Lewis: This season, she's predominantly made up of shame, guilt, denial and then a fierce and ignited purpose of seeking redemption, or self-revelation.
The show runs on two timelines, the 1990s and the present. Like you, Melanie Lynskey, Christina Ricci and Tawny Cypress play the adult versions of the surviving teens — women with dark secrets. But Natalie seems particularly haunted.
Lewis: They're all lost to some degree, but she of all the characters is the most imprisoned by the events and has had the least — I don't want to call it advancement — but the pretended living of life or family. She’s on the outskirts of existing. And she has all these addictive tendencies. But I found her initially puzzling. To picture her, I asked to creators, "How does she make money? Do we think it's always petty crime kind of stuff?" So that's her backstory. She’s one of those people that can't go home, they hate it. And then seeing all the friends that trigger all this stuff, she tries all the time to run away, but she loves Misty (Ricci) and these characters you'd think she'd never hang out with. She's not as cavalier or callous as you might first think.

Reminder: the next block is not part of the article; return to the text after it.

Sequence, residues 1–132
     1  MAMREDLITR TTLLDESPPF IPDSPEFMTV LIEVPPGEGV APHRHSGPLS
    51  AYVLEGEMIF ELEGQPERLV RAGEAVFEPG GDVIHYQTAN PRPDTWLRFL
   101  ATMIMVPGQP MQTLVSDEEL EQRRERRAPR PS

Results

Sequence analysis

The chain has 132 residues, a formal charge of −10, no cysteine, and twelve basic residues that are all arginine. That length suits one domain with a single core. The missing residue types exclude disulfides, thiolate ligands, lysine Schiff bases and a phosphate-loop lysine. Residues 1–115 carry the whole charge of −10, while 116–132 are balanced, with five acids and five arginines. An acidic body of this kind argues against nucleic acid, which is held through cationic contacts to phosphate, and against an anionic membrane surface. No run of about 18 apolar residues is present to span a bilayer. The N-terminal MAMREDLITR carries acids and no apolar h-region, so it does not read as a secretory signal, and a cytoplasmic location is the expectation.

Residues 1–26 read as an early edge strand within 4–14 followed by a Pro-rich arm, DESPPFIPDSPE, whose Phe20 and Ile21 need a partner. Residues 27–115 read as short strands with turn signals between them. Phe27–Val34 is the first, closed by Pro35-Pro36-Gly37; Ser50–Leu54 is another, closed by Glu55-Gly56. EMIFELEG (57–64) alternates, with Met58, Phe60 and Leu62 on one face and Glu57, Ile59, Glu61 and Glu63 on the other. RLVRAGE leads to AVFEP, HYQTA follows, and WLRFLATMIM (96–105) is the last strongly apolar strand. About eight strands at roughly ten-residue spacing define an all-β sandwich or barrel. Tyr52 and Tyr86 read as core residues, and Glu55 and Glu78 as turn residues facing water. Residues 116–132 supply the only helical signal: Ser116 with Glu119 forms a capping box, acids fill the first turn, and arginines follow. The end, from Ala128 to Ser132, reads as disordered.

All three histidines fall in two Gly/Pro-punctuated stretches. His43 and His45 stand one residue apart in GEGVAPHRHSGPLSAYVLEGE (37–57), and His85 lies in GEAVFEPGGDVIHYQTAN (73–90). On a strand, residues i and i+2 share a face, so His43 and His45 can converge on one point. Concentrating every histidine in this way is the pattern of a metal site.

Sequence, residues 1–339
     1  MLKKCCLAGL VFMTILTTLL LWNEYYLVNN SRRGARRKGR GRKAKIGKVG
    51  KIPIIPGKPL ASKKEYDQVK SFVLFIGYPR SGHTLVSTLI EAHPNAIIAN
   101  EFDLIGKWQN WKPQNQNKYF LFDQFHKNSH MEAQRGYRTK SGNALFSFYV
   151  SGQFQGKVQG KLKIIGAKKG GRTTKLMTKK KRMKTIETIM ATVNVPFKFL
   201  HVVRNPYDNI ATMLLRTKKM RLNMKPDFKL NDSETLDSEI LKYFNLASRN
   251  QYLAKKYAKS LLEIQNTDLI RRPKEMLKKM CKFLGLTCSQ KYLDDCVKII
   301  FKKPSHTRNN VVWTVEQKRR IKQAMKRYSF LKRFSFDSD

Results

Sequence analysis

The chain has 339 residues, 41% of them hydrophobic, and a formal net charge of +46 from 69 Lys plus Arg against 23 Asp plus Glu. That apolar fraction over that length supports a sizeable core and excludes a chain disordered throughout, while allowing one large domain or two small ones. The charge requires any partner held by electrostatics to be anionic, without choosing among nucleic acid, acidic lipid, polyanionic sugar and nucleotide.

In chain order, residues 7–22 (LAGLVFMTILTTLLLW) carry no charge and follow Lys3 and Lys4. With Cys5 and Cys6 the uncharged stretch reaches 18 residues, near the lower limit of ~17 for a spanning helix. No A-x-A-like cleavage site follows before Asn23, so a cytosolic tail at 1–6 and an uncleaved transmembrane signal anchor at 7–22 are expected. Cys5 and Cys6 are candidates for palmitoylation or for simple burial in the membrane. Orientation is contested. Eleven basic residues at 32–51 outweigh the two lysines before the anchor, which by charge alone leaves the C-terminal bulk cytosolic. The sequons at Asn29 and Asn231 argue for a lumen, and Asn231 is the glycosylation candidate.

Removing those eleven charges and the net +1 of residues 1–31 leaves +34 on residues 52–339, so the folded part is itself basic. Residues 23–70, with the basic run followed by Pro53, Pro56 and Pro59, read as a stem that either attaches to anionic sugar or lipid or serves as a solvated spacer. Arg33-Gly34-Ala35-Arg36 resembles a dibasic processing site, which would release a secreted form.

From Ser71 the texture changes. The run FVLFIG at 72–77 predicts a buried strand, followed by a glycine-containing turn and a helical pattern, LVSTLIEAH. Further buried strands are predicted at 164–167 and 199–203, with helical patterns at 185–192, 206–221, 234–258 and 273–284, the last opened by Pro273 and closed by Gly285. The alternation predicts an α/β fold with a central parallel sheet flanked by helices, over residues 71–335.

But in contrast to other characters like Shauna (Lynskey), a soccer mom who dismembers more than cuts of meat for dinner, she’s not so bad.
Lewis: What's so funny is that Natalie's actually maybe the sanest one. She's just acting out pain. The others all have slightly sociopathic tendencies.
You were just 15 when you played the role of Audrey in "National Lampoon's Christmas Vacation." How did you get into acting?
Lewis: I don't come from academia or any kind of schooling. I was just always around artists. My dad [actor Geoffrey Lewis] and his friends, Karen Black and my mom, everybody being super pro-art, and then the sets — I grew up on them. They're familiar stomping grounds … people in bloodied cowboy suits, laying there, sunning in the desert. Those are my earliest set memories. My dad would leave me and my sister in the makeup and hair trailer while he worked.